In the preschool at Arlington Elementary School, “A” is for apple.
It also stands for app – as in application.
The 4-year-olds in this South Tacoma school are learning to use digital-world apps that turn their classroom iPads into reading, writing, spelling, speaking, coloring, counting and sorting tools.
Are mobile devices for preschoolers a gimmick? Not in teacher Stephanie Kay-Fredrickson’s mind.
She’s seen the power of iPads – with their colorful visuals and intuitive usability – to engage her students.
“It enhances instruction,” she says. “There’s no doubt about it.”
The Arlington children, along with kids at five other new preschools established by Tacoma Public Schools, are blazing a new educational path with the devices.
Kay-Fredrickson’s classroom is a mix of the high-tech and the traditional.
While six kids sit at a table with teaching assistant Dorene Cooper coloring pictures from classic storybook “The Very Hungry Caterpillar,” another eight are at a separate table learning about their iPads. Later in the afternoon, the groups will swap places and tasks, so each child gets time with both the iPads and paper-based activities.
The teacher – the kids call her Miss Kay – explains what the iPad home key looks like.
“Can you see what shape it is?” she asks.
“A circle,” one boy says.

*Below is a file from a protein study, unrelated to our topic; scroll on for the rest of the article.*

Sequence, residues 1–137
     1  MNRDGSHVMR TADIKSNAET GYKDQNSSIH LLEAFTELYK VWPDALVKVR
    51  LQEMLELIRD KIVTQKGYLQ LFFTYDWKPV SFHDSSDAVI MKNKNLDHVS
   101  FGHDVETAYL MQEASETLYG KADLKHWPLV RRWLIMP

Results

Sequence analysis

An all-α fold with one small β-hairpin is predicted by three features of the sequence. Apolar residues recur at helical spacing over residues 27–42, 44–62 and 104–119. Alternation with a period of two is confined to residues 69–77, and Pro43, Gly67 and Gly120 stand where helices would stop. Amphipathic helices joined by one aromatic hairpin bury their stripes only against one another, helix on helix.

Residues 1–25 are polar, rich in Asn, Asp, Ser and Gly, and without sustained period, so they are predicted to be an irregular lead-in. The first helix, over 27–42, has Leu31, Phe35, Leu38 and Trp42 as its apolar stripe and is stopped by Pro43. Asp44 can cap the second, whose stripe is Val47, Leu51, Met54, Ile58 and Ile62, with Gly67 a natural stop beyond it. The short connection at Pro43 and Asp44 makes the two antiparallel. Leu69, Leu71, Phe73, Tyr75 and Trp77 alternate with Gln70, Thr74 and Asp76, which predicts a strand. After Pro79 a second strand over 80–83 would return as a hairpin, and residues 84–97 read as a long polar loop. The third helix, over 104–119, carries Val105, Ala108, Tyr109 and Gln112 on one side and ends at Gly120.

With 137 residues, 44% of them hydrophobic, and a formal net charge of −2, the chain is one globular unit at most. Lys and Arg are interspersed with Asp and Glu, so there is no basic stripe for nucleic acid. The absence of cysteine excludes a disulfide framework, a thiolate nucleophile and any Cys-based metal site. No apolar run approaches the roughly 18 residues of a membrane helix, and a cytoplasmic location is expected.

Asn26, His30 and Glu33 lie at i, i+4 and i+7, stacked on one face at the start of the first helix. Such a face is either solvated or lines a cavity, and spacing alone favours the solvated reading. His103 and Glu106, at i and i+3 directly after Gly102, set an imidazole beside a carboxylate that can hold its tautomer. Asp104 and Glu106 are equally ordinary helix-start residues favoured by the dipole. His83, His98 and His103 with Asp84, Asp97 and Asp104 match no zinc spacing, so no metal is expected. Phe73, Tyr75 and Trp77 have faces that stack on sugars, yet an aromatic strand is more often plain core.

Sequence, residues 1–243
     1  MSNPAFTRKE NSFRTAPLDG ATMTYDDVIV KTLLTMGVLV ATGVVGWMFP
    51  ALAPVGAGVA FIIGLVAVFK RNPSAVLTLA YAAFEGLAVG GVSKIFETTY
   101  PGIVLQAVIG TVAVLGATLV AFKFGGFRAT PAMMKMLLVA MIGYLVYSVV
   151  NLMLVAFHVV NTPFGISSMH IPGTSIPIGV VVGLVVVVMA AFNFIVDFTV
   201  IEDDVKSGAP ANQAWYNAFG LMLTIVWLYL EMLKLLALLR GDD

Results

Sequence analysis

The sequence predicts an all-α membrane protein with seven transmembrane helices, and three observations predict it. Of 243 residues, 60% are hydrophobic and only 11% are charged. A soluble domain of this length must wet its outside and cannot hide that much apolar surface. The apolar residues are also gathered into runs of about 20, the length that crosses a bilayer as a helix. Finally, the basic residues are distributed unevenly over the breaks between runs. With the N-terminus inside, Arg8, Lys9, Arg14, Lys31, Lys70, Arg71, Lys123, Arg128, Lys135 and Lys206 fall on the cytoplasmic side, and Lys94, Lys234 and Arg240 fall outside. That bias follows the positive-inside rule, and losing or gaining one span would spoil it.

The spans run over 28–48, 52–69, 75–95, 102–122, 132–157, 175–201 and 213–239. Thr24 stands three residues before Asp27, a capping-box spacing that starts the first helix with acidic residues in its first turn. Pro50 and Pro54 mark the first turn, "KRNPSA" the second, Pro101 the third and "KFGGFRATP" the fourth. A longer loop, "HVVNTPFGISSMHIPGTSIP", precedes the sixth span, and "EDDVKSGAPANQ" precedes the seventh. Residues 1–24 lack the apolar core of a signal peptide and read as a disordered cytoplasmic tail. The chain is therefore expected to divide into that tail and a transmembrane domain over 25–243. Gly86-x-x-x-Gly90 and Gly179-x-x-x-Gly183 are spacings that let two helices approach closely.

“It’s inside another shape,” Kay-Fredrickson prompts. “What is it?”
A square, the children answer.
She shows them how to open their iPads, press the home key and find the app they will use today.
One girl observes that the circle on the device’s home key reminds her of the letter “C” – the letter they have been focusing on lately.
Kay-Fredrickson asks students to press the home key, then guides them to an app that lets them trace the shape of a letter with their little fingers on the iPad screen.
The touch-screens are kid-friendly. Preschoolers might have trouble using a computer mouse, but they don’t need one with their iPads.
The lettering app provides immediate feedback; if a student traces the letter incorrectly, it prompts him or her to start over.
Some students are working only on capital letters, while others have progressed to lower-case letters. Kay-Fredrickson likes that she can use the iPads to offer each student the practice he or she needs.
One girl in the class is reluctant to hold a pencil but loves using her finger on the iPad, Kay-Fredrickson says. Even students who are English-language learners are doing well with the iPads, she adds.
On the first day of preschool, she asked students to write their names on paper. Some could manage only a scribble, while others could form some letters. She’s been tracking their progress week by week, and by late October the scribbles had transformed into readable printing.
Ben Gauyan, who oversees the new preschools and other programs for Tacoma Public Schools, said the iPads are preparing these preschoolers for their futures.
“This is where technology is going,” he says, noting that schools around the country already use electronic textbooks. They’re often cheaper than traditional books, and can be instantly updated.
“This is a new frontier. It’s exciting for us,” he says.
ACCESS TO ELECTRONICS
Tacoma’s newest preschools are aimed at kids in high-poverty neighborhoods – kids who may not have access to electronics at home.
But in addition to gaining access to technology, the preschools are teaching the social skills all kids need to succeed when they start school – everything from how to sit “criss-cross, applesauce” at circle time to how to line up when it’s time to visit the restroom.